Replacing injured horses, cross-dressing and dust: modernist circus technologies in Asia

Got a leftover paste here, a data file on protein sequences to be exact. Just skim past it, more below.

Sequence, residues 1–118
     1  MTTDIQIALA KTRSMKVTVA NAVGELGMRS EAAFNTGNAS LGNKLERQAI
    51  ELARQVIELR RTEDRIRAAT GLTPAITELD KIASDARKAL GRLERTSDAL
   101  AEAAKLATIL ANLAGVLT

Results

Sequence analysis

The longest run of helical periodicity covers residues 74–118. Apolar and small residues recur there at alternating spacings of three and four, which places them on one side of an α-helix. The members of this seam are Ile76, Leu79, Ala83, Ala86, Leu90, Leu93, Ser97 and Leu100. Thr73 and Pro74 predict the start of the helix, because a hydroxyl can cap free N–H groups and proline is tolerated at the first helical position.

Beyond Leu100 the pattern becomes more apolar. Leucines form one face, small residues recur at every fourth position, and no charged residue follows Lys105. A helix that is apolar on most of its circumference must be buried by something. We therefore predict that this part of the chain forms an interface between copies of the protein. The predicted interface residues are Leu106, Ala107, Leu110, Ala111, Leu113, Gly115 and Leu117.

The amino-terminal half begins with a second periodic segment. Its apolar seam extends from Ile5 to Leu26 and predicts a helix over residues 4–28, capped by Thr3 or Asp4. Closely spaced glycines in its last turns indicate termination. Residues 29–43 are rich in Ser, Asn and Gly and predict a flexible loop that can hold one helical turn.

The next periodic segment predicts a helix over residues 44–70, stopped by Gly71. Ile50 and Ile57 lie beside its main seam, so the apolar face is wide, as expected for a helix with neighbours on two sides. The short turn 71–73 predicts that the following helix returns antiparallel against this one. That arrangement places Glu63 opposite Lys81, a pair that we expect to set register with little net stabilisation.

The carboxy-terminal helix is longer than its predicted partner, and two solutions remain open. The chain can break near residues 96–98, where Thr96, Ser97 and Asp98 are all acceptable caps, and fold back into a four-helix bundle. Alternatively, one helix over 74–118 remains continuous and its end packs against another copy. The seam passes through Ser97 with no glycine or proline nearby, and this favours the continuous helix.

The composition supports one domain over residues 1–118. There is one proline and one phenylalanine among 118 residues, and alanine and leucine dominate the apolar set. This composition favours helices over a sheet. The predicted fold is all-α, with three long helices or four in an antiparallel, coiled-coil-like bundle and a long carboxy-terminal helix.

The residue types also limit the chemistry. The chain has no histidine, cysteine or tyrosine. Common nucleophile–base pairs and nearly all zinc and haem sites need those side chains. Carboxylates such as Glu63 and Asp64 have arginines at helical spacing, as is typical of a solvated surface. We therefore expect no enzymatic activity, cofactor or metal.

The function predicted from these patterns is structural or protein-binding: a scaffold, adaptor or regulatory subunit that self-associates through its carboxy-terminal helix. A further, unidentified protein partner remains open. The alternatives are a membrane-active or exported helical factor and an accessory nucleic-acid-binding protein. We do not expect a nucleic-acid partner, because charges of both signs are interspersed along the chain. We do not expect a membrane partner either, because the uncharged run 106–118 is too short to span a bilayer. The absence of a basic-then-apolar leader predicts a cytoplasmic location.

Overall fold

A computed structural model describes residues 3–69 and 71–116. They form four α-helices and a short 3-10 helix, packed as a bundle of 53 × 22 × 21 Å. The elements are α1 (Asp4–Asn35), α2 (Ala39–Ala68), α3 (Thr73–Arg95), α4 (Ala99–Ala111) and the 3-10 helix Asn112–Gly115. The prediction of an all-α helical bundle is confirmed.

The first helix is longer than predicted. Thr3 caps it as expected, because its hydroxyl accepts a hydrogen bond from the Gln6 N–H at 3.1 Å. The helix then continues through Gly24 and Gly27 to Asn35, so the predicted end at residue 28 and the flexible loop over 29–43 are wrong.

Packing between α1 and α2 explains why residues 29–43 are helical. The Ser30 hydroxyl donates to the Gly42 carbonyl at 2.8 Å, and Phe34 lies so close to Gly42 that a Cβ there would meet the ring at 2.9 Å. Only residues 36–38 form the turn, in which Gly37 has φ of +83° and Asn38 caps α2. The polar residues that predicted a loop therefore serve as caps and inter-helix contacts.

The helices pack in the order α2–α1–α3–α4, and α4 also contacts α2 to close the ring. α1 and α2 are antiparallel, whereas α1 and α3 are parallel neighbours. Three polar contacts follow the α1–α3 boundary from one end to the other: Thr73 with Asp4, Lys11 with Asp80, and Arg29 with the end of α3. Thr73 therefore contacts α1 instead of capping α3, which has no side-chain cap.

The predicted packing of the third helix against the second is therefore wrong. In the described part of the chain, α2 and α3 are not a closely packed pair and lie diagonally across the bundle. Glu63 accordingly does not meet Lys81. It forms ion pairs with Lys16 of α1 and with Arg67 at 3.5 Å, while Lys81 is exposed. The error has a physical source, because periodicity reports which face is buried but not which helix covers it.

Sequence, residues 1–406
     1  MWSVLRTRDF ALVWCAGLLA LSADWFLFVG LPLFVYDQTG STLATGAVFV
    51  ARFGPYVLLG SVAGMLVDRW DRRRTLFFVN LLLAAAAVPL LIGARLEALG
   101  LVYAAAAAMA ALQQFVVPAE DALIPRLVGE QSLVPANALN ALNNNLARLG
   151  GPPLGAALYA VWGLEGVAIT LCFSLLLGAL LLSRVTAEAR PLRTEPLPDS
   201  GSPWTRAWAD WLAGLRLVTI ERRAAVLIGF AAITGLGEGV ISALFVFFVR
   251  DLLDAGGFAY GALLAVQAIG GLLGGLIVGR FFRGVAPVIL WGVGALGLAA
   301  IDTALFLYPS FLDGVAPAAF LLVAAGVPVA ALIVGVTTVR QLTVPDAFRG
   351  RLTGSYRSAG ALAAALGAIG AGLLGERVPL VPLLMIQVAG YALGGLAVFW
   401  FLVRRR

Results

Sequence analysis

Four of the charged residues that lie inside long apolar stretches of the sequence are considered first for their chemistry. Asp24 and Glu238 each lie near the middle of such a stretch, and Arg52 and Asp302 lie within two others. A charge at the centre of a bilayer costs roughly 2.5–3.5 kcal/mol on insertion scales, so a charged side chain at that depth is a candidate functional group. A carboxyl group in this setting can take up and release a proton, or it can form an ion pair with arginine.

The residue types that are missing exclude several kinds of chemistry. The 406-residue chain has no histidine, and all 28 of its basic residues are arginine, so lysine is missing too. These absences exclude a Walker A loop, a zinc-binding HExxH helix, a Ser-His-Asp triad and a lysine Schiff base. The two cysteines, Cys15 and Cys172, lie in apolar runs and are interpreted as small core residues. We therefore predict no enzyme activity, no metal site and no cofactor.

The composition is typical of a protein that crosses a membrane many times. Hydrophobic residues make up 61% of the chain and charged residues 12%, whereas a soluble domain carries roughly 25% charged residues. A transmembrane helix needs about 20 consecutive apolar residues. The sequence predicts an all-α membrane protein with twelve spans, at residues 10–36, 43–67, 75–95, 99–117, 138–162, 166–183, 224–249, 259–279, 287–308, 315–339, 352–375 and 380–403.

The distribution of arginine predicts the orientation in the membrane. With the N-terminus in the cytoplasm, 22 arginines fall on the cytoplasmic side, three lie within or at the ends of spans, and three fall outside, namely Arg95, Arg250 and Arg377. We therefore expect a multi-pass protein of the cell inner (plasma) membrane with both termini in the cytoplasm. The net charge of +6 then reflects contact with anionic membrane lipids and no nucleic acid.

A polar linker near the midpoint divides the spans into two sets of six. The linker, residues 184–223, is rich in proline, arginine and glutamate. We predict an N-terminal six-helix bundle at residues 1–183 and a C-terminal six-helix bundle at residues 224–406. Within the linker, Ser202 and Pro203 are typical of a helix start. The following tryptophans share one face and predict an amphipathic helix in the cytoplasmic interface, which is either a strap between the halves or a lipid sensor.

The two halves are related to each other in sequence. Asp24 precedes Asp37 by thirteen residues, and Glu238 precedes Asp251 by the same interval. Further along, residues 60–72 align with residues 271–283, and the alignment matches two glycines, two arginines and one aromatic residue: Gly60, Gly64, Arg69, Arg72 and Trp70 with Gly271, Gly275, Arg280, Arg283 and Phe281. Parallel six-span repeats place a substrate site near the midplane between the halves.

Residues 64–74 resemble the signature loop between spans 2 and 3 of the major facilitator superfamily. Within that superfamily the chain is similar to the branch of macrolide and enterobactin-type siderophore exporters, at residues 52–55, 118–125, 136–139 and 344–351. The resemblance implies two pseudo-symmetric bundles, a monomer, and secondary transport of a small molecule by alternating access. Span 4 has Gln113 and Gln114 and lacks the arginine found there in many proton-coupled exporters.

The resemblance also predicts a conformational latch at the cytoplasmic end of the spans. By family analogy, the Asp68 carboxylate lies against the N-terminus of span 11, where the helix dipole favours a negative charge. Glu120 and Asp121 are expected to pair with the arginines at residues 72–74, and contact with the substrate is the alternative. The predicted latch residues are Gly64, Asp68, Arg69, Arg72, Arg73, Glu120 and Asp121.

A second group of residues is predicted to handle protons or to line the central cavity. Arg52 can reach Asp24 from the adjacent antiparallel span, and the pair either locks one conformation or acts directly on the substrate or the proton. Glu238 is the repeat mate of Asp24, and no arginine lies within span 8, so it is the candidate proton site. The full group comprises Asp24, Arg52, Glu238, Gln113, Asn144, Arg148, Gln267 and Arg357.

Horse performers were replaced by machines demonstrating the wonders of electricity and cinema on the third circus tour of Asia by the well-known equestrian, Clarke family in 1915. Circus was part of the wider economic shift away from equine capital. The analysis considers leading horse acts in early modernist circus and their continuing popularity with the multi-racial Asian audiences, in relation to technological change and the socio-economic legacies of European colonial dominance in Asia. Four out of six horses died on the Clarke's first tour of colonial Asia, an exceptionally high mortality rate and three died on the second tour, and this article argues that a high rate of horse injury and mortality complicates a claim that the shift to scientific display in the 1915 entertainment was simply reflecting progressive modernisation or the shortage of horses at the beginning of World War One. While the 2015 replacement of horses provides a literal demonstration of the scientific shift from horse power to electric power during the modernist (anthropocene) era, it additionally prefigures the displacement of the live animal with filmed imagery in entertainment. International ship travel continued to hold considerable physical risk for the horse performers, which meant it posed economic risks for the circus aesthetic.